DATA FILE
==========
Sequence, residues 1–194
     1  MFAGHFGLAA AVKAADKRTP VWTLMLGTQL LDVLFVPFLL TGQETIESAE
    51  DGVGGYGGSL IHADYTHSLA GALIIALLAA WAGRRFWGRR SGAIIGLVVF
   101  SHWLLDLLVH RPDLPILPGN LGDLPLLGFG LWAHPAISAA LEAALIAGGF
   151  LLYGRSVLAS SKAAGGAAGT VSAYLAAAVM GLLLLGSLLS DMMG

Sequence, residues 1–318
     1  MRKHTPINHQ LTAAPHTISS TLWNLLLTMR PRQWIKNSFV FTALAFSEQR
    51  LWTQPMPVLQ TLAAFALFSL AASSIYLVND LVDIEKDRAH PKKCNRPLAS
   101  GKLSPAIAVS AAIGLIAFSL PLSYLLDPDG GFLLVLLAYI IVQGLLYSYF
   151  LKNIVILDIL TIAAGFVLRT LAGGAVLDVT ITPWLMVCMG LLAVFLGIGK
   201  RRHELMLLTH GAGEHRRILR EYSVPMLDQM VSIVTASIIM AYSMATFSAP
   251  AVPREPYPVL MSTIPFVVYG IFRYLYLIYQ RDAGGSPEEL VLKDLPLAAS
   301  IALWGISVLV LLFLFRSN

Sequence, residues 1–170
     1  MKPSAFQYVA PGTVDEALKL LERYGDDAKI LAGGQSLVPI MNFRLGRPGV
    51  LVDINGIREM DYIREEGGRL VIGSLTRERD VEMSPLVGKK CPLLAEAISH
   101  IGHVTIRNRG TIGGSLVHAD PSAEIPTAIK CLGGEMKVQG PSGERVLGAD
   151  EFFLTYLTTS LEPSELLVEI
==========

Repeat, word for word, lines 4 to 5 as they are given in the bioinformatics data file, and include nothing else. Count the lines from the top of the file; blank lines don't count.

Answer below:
   101  SHWLLDLLVH RPDLPILPGN LGDLPLLGFG LWAHPAISAA LEAALIAGGF
   151  LLYGRSVLAS SKAAGGAAGT VSAYLAAAVM GLLLLGSLLS DMMG